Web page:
MT: There are several proposed routes throughout the United States. What differentiates Missouri?

JW: We are really excited about the enthusiasm that is coming from many states. I think it is saying to us that people see hyperloop as being the next technology, and there is a real benefit.

What I love about what Missouri has done is Missouri has the first feasibility study in the country to be completed. The route that has been picked, most of it is in the median of I-70 which allows us to look at it and say, ‘How do we leverage this tremendous investment that we made in the state highway system and turn it into something that is even more powerful?’

Another thing that is really exciting about this is that Missouri has put together what I think is almost a model coalition.

I met with the business community, the university, government officials — that is a really powerful set of things to come together.

MT: What are some advantages Missouri has?

JW: It has a route right now that is flat and straight. And that is a great advantage.

In Missouri, the advantage really is: the state has enthusiasm, it has a vision, it has a sense that it wants to build on a long-standing tradition of being a leader in transportation innovation. And I think that is really, really exciting.

“[Missouri] has a sense that it wants to build on a long-standing tradition of being a leader in transportation innovation.”

The enthusiasm came across when I was at the University of Missouri. The president of the university, Dr. Mun Y. Choi, has already been out to our test facility — that’s pretty incredible. Today, I’m meeting with the governor and saying ‘How do we get this done, and how do we make this happen?’

MT: What are some disadvantages Missouri has?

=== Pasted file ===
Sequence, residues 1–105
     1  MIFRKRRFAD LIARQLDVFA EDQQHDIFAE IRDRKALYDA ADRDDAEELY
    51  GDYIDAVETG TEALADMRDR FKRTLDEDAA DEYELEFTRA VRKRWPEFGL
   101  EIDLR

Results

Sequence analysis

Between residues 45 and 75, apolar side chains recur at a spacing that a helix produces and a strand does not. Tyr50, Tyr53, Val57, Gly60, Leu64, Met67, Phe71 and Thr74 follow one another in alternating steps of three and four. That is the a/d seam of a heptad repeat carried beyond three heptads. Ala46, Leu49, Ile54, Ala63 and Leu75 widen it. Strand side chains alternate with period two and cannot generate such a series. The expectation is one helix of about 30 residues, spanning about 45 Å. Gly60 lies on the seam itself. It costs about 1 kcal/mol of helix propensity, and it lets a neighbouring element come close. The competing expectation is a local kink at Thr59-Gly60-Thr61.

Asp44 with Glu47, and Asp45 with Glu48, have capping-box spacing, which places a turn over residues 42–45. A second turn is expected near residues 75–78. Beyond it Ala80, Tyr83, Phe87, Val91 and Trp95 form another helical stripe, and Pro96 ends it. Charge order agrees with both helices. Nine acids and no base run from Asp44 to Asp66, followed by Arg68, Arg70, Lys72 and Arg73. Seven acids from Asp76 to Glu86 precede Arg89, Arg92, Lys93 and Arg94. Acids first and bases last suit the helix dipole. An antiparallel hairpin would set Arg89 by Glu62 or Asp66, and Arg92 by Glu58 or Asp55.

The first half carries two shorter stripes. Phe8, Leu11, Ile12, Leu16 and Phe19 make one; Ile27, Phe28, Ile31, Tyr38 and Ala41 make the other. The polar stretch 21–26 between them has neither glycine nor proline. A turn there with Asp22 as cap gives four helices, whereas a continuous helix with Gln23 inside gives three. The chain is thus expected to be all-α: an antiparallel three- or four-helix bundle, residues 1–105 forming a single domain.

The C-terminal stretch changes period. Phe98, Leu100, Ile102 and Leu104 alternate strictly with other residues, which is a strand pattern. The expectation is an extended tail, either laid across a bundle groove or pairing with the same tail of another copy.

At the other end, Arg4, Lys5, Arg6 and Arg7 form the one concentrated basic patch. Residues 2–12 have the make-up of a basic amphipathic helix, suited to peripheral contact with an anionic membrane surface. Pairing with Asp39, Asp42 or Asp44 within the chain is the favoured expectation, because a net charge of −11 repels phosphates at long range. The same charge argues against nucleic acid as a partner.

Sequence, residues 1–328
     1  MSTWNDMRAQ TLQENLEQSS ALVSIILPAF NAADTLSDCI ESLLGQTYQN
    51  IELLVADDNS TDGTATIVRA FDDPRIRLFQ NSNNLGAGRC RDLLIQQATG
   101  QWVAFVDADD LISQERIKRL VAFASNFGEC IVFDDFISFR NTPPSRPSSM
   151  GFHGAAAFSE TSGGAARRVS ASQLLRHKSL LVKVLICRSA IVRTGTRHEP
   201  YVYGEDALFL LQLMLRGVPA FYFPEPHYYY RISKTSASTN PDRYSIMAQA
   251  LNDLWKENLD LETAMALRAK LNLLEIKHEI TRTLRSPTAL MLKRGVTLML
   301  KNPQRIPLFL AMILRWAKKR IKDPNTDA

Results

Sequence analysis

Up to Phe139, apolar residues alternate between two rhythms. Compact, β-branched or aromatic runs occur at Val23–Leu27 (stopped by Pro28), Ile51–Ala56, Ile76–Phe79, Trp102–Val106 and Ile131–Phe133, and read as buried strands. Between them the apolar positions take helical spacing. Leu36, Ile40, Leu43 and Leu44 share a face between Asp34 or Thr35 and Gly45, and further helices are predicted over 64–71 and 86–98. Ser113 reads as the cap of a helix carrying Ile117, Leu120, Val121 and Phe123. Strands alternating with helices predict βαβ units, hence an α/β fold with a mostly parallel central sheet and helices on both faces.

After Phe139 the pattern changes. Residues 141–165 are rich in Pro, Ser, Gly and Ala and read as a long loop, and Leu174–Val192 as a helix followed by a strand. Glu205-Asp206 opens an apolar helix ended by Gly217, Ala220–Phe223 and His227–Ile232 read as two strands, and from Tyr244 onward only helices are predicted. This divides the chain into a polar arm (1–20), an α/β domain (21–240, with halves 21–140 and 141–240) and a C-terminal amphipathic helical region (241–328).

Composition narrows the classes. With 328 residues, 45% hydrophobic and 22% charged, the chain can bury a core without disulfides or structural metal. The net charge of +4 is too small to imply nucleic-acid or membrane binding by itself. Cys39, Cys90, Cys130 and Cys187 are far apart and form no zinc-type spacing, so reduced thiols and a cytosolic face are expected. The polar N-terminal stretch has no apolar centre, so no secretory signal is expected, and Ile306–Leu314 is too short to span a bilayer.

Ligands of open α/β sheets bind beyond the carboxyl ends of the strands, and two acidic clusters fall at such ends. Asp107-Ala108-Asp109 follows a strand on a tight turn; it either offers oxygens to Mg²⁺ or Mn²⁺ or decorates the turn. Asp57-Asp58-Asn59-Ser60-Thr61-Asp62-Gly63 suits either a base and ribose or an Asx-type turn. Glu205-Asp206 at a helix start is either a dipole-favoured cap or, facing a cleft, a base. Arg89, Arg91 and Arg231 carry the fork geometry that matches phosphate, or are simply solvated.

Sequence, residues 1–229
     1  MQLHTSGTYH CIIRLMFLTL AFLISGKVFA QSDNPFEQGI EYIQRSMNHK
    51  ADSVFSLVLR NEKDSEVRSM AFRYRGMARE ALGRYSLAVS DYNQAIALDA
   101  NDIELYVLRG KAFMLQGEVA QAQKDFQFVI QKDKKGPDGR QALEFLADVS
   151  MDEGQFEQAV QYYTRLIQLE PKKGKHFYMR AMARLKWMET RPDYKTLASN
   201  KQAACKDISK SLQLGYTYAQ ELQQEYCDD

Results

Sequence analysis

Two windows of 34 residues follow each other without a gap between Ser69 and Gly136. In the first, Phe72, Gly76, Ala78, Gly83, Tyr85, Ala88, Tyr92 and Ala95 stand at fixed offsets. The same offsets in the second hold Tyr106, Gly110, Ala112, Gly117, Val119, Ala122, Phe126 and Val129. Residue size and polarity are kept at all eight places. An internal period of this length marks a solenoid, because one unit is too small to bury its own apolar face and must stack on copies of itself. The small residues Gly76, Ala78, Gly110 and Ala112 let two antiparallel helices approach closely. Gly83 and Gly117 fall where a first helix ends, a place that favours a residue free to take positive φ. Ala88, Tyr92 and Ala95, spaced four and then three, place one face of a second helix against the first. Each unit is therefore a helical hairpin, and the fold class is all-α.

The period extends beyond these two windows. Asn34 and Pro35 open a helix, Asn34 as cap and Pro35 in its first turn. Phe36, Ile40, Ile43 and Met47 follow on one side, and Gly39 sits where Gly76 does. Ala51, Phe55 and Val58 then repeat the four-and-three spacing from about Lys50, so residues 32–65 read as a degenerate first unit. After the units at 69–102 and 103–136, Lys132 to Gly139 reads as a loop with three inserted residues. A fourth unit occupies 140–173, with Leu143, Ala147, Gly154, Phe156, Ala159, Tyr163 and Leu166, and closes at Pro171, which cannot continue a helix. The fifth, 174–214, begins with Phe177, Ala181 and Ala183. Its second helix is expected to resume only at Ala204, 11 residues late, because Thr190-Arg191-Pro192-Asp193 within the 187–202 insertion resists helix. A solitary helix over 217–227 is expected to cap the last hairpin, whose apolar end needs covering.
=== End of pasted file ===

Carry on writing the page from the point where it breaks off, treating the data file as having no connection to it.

JW: I don’t think there are any disadvantages. I think, frankly, the impediments to being able to do this in Missouri are lower than in many other places.


MT: You’ve been to all three proposed stops in the state. What are your initial impressions?

JW: Incredibly positive.

I started in Kansas City, and we had a powerful reception with about 20 business leaders, all very enthusiastic about doing this.

When I was in Columbia, the school and the community brought so much together, a sense of working in partnership to be able to do things with business and government. I love that the dean of the engineering department looked at us and said, ‘Are you hiring?’ and I said, ‘Yes.’

In St. Louis, I was with the deputy mayor, who was very excited about what this could mean for St. Louis, and we talked about that quite a bit.

Today, I’ll be able to meet with the governor and look at the statewide support.

Basically, every place that I have been has had very positive, enthusiastic, thoughtful discussion. And I think they are building upon each other. As you are going through this, everyone is saying, ‘We want this. Let’s make sure we are not leaving any stone unturned.’